Ticketmaster apologizes to Taylor Swift, fans over sales disaster
The world of live events, particularly concert tickets, was rocked by a sales scandal in 2017 that ultimately cost fans tens of millions of dollars.
Last month, ticket giant Live Nation, which owns Ticketmaster, admitted to overcharging concertgoers by $400 million, or more than 2% of its total $1.4 billion in ticket sales in 2017.
Fans, who have no say in the company’s ticketing business, have been taking aim at Live Nation, with many accusing the company of trying to avoid accountability so as not to face any negative repercussions.
Earlier this month, Swift’s label, Epic Records, filed a lawsuit against Live Nation seeking unspecified damages for “intentional acts or reckless acts, or the public and private dissemination of false and misleading information and false assumptions.”
Ticketmaster later released a statement saying it was “unable to come up with any evidence” that Live Nation’s sales were overcharged.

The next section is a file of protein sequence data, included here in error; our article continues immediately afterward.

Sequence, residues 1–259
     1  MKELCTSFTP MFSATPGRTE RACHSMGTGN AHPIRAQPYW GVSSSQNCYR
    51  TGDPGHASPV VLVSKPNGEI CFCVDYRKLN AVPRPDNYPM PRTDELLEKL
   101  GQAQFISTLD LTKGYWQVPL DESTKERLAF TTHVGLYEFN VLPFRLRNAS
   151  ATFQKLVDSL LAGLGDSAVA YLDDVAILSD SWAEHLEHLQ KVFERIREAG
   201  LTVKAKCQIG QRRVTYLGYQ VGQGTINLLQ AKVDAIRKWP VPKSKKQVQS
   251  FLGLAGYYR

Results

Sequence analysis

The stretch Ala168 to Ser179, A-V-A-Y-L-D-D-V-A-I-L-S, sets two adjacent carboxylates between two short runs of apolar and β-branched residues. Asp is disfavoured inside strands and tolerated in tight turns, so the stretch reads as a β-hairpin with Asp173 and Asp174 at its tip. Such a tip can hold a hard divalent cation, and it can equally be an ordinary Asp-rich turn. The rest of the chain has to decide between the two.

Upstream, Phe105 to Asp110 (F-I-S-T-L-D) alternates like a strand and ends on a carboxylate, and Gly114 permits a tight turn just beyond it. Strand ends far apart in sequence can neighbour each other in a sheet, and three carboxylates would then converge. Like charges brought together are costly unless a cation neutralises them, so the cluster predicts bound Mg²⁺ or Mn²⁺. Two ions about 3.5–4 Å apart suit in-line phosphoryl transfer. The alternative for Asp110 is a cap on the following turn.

“We are deeply sorry for the errors. We have reached out to Swift, and we will continue our efforts to provide accurate information to fans. We will also look to make certain this matter does not affect the company’s reputation and business.”
As for ticket prices, the average price of a Live Nation ticket for a concert in 2017 was $100. If Ticketmaster’s $400 million overcharge was factored in, tickets would actually cost more than $180 per ticket.
But the total figure doesn’t include some fees Ticketmaster charges to concertgoers on top of the ticket price, leaving the company with a profit of $70 million in 2017, or less than half of the $200 million loss it incurred during the 2017 scandal, according to the New York Times.
Taylor Swift and the company she works for are taking aim at Live Nation
The concert that inspired Swift’s album of the same name, however, cost the company more than $2 million in fees that it